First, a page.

Epidemics are usually caused by strains resistant
to penicillin. The reservoir is man. The incuba-
tion period for most problems is usually from 4
to 10 days. Transmission is usually be direct con-
tact with a person who has a purulent lesion or
is an asymptomatic carrier. The anterior aspect
of the nasal canal is the major site of coloniza-
tion for carriers.
Staphylococcal disease is communicable as
long as purulent lesions are present or the carrier
state continues. Autoinfection can continue
throughout the period of nasal colonization or as
long as a purulent lesion exists.
Preventive measures involve education on per-
sonal hygiene to groups at risk as well as ap-
propriate wound/abscess management and
Isolation of patients is not practical in most
communities. However, patients with infections
should avoid contact with the newborn and
chronically ill, who are most at risk.
When outbreaks occur in homes, offices, or
on ships, etc., an investigation should be done to
look for common sources (index cases).
Streptococcal Disease (Group A Type)
Streptococcal sore throat presents symptoms
of tonsillitis or pharyngitis, fever, and tender
anterior lymph nodes. The pharynx, tonsils, and
soft palate may be red and swollen. Otitis media,
peritonsillar abscesses, glomerulonephritis, and
rheumatic heart disease are complications that
Streptococcal skin infections such as impetigo
may occur. These occur as vesicles, pustules, and
then crusting lesions.
Scarlet fever is a type of streptococcal disease;
it is characterized by a skin rash that occurs when
the invading strain of streptococcus produces a
toxin to which the patient is sensitized. Other
symptoms may include a sore throat, wound or
skin infection, strawberry tongue, and exanthem.
High fever, nausea, and vomiting occur often with
Erysipelas is a form of severe streptococcal
cellulitis that is accompanied by fever. Skin le-
sions are red, tender, swollen, and spreading. The
center point of origin usually clears as the
periphery extends. The periphery of the lesion fre-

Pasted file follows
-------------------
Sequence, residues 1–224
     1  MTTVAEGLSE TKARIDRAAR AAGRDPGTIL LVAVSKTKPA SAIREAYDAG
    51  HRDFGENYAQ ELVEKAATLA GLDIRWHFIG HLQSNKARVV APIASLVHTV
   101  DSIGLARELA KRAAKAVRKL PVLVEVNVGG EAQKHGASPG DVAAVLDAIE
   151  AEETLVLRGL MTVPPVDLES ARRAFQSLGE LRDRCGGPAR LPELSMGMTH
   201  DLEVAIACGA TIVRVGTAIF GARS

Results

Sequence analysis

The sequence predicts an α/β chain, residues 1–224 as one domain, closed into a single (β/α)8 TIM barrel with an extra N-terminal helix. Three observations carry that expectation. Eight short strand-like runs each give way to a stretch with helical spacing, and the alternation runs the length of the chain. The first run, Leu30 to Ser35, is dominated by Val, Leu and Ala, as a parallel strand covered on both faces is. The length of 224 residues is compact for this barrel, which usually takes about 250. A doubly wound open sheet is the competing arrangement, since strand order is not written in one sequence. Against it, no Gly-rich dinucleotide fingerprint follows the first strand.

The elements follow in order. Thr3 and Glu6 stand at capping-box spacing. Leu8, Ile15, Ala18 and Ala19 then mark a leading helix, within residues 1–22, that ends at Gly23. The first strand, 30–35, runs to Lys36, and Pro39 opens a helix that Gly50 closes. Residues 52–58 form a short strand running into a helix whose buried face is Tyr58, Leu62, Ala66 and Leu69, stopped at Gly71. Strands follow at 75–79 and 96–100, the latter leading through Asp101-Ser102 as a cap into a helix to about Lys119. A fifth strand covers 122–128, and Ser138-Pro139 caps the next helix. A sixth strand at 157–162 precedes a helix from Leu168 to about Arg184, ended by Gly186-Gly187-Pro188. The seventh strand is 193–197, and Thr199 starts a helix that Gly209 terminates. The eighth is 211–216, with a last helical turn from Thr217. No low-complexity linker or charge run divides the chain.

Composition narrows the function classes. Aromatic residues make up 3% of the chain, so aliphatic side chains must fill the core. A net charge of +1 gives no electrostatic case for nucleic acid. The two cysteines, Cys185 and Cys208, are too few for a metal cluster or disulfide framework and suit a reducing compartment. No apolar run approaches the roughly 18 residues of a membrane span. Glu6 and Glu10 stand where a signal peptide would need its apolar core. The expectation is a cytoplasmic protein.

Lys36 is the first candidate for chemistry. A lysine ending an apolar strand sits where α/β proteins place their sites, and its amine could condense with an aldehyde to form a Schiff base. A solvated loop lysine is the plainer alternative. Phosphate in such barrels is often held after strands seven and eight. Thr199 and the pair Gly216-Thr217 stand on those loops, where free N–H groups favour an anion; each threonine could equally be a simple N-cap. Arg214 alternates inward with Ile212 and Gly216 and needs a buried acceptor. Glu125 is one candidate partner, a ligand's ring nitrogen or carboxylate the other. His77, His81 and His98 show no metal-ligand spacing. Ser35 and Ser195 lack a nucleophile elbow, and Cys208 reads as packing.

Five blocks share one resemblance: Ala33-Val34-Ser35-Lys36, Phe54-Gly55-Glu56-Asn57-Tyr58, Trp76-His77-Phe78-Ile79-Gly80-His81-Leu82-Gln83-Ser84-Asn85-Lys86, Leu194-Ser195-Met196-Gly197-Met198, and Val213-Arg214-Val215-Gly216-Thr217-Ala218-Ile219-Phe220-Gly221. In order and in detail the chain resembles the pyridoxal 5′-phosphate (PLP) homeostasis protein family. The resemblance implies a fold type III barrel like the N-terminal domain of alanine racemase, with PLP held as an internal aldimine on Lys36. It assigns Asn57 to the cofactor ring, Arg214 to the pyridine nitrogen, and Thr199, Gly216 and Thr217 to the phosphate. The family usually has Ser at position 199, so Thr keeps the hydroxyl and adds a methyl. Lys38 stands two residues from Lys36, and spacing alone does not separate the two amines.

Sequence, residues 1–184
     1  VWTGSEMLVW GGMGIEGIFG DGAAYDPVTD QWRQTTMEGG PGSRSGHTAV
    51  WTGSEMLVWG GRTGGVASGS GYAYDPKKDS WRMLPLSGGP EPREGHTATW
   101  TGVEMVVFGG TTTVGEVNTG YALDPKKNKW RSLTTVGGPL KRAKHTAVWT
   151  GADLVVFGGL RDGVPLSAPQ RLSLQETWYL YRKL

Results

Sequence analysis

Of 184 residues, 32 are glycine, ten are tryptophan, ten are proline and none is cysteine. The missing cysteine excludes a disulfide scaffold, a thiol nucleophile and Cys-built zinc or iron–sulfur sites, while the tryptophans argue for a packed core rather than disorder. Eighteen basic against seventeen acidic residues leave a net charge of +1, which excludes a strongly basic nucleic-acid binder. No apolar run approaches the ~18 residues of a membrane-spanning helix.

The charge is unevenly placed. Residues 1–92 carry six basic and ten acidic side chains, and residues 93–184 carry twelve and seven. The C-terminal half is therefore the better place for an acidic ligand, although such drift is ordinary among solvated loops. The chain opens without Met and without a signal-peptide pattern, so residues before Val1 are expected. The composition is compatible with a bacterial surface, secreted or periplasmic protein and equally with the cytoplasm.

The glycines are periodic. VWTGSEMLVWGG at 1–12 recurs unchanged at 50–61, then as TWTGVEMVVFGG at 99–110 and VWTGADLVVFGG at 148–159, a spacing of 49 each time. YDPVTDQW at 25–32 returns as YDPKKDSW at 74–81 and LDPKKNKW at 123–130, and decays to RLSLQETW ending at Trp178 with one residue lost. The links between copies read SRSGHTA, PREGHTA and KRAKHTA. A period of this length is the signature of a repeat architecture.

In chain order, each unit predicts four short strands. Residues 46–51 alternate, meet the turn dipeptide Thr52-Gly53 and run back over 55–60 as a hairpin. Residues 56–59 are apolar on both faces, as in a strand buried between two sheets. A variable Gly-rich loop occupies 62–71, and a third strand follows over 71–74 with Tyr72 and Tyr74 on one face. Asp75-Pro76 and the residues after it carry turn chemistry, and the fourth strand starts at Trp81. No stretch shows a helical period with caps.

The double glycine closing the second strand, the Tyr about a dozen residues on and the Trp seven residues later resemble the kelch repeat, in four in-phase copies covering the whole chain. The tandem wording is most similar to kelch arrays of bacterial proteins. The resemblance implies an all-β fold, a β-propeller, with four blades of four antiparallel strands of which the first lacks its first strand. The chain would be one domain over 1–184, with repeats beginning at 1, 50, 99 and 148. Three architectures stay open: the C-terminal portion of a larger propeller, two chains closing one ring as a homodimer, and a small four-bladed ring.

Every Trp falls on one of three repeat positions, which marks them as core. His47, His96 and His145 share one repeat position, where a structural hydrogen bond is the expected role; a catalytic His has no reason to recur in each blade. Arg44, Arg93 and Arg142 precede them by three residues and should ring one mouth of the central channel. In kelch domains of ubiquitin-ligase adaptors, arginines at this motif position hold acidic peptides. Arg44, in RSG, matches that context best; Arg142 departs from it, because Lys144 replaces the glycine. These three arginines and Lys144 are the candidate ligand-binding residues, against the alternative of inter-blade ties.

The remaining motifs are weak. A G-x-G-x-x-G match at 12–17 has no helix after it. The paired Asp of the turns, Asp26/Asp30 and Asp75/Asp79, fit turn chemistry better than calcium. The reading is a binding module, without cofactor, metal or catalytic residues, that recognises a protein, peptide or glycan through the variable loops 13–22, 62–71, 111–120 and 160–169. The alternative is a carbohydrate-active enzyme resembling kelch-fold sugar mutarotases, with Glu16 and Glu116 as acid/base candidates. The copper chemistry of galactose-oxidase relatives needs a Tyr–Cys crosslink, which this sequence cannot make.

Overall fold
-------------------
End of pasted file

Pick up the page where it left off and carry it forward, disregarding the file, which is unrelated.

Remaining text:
quently has a definite raised border.
The diagnosis of streptococcal disease is
established by a culture of organisms from the af-
Streptococcal diseases in the United States may
be endemic or sporatic. Foodborne epidemics oc-
cur in any season. Military and school popula-
tions are frequently affected. The incidence rate
is highest in the 3- to 15-year-old age group.
The reservoir of streptococcal disease is man.
Streptococcal diseases are usually transmitted by
direct contact with a patient or carrier and rarely
through contact with the hands or objects. Strep-
tococcal sore throat may be transmitted by con-
taminated food causing sudden large outbreaks
The incubation period is for 1 to 3 days, occa-
sionally longer. Untreated cases will often resolve
spontaneously after a few weeks. Treatment is
given to reduce communicability and to prevent
The specific antibiotic treatment is penicillin.
For those patients sensitive to penicillin,
erythromycin is the preferred alternative.
Preventive measures include (1) making
laboratory facilities available for the diagnosis of
group A hemolytic streptococcal diseases; (2) en-
suring public education concerning methods of
transmission, seriousness of complications, and
the necessity of taking the full prescribed course
of antibiotic therapy; (3) educating food service
personnel on proper hygiene and food prepara-
tion techniques to prevent contamination with the
bacteria; (4) excluding individuals with respiratory
illness or skin lesions from food handling; and
(5) prescribing long-term antibiotic prophylaxis
with penicillin for those individuals at special risk
(e.g., with a history of recurrent erysipelas or
rheumatic fever). Patients with streptococcal
disease should be educated about proper
During outbreaks of streptococcal disease, in-
vestigations should find the source and method
Tetanus is a serious disease caused by an ex-
otoxin produced by the tetanus bacillus, which
grows under anaerobic conditions in the site of
an injury. Symptoms include painful muscular
contractions, usually of the jaw and neck muscles
and secondarily in the trunk muscles. Commonly
the first symptom is abdominal rigidity and
sometimes rigidity of the muscles in the region of
the wound. Often generalized muscles spasms oc-
cur that are induced by sensory stimuli. The fa-
tality rate will range from 30 to 90 percent.
Laboratory confirmation is of little value because